Monday, September 8, 2008

Things Have Changed

Abby got her first "Bee Card" at school last week. That means she got a warning for bad behavior, for those of you not hip to the Kindergarten scene.

The reason (at least according to Abby)? Because she was having a hard time making an upper-case E, and got upset and refused to try any more. So, Daniel practiced with her that evening, making E after E. She did great.

The next day, she had problems making a lower case E. After she showed us how she was supposed to make the E in class, we realized that it was nothing like the E we've always seen. I e-mailed her teacher and asked what type of handwriting they use, and asked for a paper describing this elusive E. She sends a booklet home with Abby today, explaining how to make "pre-cursive" letters.

Pre-cursive? I always thought regular letters were pre-cursive. Daniel would like for me to add that he has never (supposedly) even written in cursive. He thinks regular letters are just fine, thank you.

So now Daniel and I have to learn a new style of writing along with Abby. But I wonder, will this affect my kid's ability to read books with non pre-cursive letters? Generally, I think handwritten letters mimic times new roman, arial, and other common computer fonts. Pre-cursive does not. Pre-cursive is also what kids are learning these days while learning to read.

I saw on a website that you can actually download pre-cursive fonts for your computer. Apparently, the "inventors" of pre-cursive thought about reading being a problem, too. Maybe if they just change the computer fonts, pre-cursive will make sense. I personally like the old-fashioned pointy M and N...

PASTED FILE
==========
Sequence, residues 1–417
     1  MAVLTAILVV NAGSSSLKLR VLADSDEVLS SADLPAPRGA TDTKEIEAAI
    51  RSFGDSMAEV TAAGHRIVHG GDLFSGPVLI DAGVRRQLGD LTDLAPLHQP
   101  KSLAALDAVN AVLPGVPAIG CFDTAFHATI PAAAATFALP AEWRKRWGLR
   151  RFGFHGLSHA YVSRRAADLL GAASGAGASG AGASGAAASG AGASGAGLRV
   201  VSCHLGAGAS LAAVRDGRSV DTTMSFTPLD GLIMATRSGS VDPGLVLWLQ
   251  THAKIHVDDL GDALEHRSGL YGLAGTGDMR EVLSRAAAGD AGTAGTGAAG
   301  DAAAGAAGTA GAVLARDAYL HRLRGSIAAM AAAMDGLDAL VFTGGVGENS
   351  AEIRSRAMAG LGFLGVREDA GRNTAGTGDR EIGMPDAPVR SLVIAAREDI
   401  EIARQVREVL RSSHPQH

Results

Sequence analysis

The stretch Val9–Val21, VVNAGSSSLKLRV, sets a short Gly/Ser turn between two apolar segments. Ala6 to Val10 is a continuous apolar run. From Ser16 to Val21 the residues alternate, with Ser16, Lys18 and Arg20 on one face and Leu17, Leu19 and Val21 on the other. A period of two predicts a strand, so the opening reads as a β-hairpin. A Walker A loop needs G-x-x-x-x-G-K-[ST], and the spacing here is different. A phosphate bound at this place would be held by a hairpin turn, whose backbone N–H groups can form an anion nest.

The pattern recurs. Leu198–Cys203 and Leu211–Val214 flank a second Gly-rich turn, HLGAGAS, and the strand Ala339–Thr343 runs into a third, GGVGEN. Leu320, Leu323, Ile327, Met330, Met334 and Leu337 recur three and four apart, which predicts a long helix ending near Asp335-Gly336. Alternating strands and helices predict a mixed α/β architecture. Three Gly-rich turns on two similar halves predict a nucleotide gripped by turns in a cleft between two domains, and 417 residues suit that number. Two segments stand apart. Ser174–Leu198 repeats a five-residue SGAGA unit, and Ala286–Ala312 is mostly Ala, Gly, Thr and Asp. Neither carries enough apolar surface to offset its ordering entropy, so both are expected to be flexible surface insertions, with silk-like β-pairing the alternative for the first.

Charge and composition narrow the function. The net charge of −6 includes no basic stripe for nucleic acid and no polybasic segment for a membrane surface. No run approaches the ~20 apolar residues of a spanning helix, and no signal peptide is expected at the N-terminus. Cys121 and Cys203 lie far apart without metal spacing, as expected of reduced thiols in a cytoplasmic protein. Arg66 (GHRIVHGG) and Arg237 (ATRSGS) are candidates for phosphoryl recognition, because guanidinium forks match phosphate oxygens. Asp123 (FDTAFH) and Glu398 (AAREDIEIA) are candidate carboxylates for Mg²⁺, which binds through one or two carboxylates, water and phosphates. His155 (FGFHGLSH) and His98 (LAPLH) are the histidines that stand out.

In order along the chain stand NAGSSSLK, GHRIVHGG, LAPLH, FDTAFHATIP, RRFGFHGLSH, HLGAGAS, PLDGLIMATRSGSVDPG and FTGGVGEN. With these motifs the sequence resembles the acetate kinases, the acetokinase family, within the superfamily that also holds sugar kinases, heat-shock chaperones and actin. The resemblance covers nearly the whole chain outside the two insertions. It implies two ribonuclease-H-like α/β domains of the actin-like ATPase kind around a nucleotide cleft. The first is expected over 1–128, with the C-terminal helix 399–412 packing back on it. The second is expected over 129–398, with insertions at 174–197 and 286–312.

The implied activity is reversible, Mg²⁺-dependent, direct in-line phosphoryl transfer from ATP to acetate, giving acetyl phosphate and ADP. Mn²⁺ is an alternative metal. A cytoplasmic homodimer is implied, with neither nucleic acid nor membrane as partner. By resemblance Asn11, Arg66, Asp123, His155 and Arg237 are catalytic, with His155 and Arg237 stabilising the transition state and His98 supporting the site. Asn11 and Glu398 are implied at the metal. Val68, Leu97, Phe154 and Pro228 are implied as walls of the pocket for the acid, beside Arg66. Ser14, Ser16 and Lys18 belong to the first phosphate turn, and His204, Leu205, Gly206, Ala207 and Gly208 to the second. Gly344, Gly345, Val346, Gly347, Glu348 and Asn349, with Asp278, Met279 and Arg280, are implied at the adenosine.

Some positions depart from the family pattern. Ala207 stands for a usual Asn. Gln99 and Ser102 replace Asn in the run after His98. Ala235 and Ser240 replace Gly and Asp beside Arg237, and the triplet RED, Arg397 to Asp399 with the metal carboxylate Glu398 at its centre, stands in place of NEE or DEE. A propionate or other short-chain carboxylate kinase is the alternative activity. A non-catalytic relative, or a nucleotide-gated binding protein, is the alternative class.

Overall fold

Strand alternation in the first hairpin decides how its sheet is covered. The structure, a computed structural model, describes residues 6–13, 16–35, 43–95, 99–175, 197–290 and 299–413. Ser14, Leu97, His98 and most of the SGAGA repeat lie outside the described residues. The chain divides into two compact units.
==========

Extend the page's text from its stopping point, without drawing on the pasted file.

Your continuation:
What do you guys think about pre-cursive? Is it a keeper?

5 comments:

Andrea said...

That's just crazy! Azia took Pre-K in Oklahoma and they do it the old fashioned way and she's been in the Nebraska school system and they do it the old fashioned way so I've never even heard of Pre-cursive. You guys must be ahead of times. I could see your concern in the reading issue because all books are published in print. Very interesting my friend. I wish you all the best of luck in learning pre-cursive with your daughter.

KateGladstone said...

Learning how to write one way doesn't stop you from reading other ways -- if not, kids would have to learn reading one million times because America has at least one million type fonts!

As a handwriting specialist, I have to say that "Bob Jones University" (like most handwriting programs) has one or two good points and a zillion bad ones. For my own views on handwriting, research on the matter, and resources to help -- visit http://www.HandwritingThatWorks.com or http://www.HandwritingRepair.info


Kate Gladstone
The Handwriting Repairwoman

Anonymous said...

Wow I had never heard of pre-cursive...I thought that was just a fancy font. Who knew they'd want you to learn to write that way IRL...especially in kindergarten. I thought learning to write/print was pre-cursive anywhoo...I am having a hard time teaching Ty cursive because its done the shmancy fancy old fashioned way...Not the way I learned...so sometimes it is a learning experience for me. It is frustrating for me and Ty tho as I imagine it is for you and Abby.
Chrissie

hannahbro5 said...

I'm pretty sure that pre-cursive is the only way I learned to write. Of course that could have been because I was at a private Christian college prep school?

Anonymous said...

My son is six years old and is in first grade at a Christian school that uses Bob Jones University handwriting, which is pre-cursive. He started reading last year in Kindergarten and has had no problem with reading other fonts.

The purpose of pre-cursive is to help with the formation of letters so that the child can more easily transition into cursive handwriting. Although many people don't use cursive handwriting, children are still required to learn how and pre-cursive will help.

My husband is a teacher and we both feel that BJU has an excellent reading and handwriting program. The most important thing is that your child is learning to read primarily using phonics.

This is just the beginning of the things that you will have to re-learn in order to help your child through school. I am 35 and I see such a difference in the way kids are being taught now compared to when I was in school. My husband says that we only stop learning when they bury us.

Good luck.

 
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